ALBANY, N.Y. (WIVB) – A bill to legalize recreational marijuana in New York State could be written and printed as soon as Wednesday night or Thursday, with Assembly Majority Leader Crystal Peoples-Stokes hoping for a vote next week, the assemblywoman said.
Peoples-Stokes, who has long supported legalizing marijuana, said the Democratic Assembly, Democratic Senate, and Governor Andrew Cuomo have a three-way agreement on the proposal.
The deal was first reported by the Wall Street Journal Wednesday afternoon.
Once the bill is signed into law, Peoples-Stokes said, “It will take effect immediately that marijuana as a product will be a legal product.”
The Buffalo Democrat said it would allow people to have up to three ounces of marijuana. The legislation will also prescribe that the governor’s office set up the “Office of Cannabis Management”, which along with the regulation of recreational use of the drug, would also deal with the regulation of medical marijuana and hemp, which are both already legal products in New York State. The five-person board administering the office would consist of three people recommended by the governor, one by the Senate, and one by the Assembly.
Peoples-Stokes noted other states which have approved recreational marijuana generally take 18-24 months to put the regulatory pieces in place. But she believes it may not take New York that long.
“You can’t get the work done until you do that,” she said.
The legislation also calls for a “controlled study” to determine how much THC one would need in their system for a police officer to determined they are driving while impaired, the assemblywoman said.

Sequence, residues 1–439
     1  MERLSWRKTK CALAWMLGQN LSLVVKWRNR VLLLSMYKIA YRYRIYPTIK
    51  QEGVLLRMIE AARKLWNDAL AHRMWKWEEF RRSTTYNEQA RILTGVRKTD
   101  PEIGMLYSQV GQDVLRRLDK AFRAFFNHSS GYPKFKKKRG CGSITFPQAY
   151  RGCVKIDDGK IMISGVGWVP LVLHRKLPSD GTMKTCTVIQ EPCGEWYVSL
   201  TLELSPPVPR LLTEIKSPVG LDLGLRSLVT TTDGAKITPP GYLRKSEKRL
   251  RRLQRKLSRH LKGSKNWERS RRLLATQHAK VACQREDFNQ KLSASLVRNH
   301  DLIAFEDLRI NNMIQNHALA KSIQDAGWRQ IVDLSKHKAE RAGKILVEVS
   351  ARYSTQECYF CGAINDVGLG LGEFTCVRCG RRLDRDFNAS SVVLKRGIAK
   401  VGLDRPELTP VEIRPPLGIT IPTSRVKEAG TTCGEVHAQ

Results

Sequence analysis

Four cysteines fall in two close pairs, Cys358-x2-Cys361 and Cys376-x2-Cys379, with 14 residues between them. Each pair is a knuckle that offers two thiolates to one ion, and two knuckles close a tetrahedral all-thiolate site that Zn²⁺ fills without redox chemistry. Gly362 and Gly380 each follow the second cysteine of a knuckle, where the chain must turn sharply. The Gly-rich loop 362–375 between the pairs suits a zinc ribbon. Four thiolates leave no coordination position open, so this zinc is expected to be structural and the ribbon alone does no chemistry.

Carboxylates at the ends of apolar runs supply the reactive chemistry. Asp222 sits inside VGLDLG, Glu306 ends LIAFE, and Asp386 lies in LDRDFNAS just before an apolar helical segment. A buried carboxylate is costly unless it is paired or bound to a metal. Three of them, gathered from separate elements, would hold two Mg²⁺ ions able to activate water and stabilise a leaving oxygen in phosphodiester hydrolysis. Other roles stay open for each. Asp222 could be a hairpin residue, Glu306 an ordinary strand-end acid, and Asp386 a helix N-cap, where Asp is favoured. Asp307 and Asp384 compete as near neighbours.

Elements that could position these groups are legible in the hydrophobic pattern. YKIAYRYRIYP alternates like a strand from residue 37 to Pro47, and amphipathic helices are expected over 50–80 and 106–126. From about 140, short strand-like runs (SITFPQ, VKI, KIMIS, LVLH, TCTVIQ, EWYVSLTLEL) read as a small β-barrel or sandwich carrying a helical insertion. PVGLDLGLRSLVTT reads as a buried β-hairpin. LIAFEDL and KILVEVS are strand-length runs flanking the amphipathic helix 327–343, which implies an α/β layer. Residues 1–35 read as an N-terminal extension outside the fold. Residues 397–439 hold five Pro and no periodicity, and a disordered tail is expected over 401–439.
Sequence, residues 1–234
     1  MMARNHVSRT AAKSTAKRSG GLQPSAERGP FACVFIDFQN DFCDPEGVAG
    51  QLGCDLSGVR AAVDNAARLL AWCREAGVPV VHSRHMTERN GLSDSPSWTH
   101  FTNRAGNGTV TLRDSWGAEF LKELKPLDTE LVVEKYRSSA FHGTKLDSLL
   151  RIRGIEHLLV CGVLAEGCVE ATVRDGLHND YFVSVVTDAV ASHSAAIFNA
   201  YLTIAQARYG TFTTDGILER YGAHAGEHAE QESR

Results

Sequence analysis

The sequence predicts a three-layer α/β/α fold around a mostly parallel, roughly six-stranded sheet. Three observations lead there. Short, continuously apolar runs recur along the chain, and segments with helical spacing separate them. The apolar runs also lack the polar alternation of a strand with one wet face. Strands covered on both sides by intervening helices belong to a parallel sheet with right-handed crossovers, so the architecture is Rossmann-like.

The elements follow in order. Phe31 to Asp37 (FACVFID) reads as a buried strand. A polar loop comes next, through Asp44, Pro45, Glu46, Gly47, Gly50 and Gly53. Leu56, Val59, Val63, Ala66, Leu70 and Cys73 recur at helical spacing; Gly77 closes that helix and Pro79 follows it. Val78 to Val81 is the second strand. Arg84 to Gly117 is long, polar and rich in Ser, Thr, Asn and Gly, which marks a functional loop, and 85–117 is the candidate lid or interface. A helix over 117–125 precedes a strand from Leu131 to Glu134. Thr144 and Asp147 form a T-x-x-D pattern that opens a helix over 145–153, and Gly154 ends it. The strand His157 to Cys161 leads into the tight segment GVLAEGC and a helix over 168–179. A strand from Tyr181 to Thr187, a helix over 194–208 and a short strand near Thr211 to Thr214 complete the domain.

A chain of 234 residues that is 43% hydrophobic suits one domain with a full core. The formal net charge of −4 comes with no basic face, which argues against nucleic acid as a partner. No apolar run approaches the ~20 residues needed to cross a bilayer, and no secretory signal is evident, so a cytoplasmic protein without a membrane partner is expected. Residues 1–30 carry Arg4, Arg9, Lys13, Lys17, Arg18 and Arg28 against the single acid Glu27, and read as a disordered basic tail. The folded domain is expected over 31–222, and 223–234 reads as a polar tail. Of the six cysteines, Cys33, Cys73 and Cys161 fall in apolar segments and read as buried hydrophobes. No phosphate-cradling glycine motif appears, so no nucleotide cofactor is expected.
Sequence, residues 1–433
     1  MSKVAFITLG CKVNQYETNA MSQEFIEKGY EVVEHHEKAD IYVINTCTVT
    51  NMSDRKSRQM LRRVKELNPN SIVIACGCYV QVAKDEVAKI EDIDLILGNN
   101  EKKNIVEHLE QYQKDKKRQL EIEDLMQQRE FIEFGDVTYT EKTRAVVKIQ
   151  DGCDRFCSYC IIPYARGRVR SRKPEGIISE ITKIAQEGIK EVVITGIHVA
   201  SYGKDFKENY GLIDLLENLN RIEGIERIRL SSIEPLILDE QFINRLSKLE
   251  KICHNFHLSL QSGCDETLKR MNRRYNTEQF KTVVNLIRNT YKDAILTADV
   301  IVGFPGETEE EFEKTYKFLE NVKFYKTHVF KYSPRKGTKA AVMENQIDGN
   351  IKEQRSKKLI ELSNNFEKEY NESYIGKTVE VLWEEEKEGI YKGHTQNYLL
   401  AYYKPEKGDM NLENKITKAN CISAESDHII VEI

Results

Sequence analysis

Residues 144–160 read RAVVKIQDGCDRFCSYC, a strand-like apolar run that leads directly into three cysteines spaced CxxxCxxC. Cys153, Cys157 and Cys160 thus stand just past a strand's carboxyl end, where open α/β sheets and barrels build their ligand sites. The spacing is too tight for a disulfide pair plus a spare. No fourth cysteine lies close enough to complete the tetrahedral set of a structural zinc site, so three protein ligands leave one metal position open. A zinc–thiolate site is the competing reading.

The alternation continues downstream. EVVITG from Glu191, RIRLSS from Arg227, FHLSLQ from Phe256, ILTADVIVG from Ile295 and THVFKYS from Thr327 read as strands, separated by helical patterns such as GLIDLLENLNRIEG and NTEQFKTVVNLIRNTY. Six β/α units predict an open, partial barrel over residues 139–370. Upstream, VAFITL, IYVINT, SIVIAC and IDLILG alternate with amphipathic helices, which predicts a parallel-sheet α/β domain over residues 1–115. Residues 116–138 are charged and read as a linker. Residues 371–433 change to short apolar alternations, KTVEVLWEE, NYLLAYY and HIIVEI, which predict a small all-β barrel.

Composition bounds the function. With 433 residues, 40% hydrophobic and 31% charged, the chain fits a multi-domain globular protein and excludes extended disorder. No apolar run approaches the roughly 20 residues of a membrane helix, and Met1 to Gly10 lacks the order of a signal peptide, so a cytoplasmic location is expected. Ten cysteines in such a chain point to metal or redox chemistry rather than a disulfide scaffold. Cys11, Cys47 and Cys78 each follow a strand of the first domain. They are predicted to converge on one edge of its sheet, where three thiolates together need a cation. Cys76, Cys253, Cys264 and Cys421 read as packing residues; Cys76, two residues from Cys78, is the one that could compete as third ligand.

“No one knows how to test for impaired driving. They may know how it looks,” she added. “Frankly the New York State troopers are really good at that. They know how to train other law enforcement departments in being able to see that. But there is no real firm test that they can use.”
Peoples-Stokes could not share details regarding how the drug would be taxed. But she laid out where some of that money would go.
“Percentages of it will be invested into the communities that have been harmed,” she said. “Percentages of it will be invested into education.”
“And percentages of it would be invested in substance abuse education for young people and substance abuse training,” Peoples-Stokes added.
Lawmakers approached the legalization of marijuana as something they wanted to do outside the budget process this year. Earlier in the day during a coronavirus briefing, Governor Andrew Cuomo said getting the bill passed before the state budget is essential.
“This year, we have to get it done,” Cuomo said.
The budget is due on April 1st.
Chris Horvatits is an award-winning reporter who joined the News 4 team in December 2017. See more of his work here.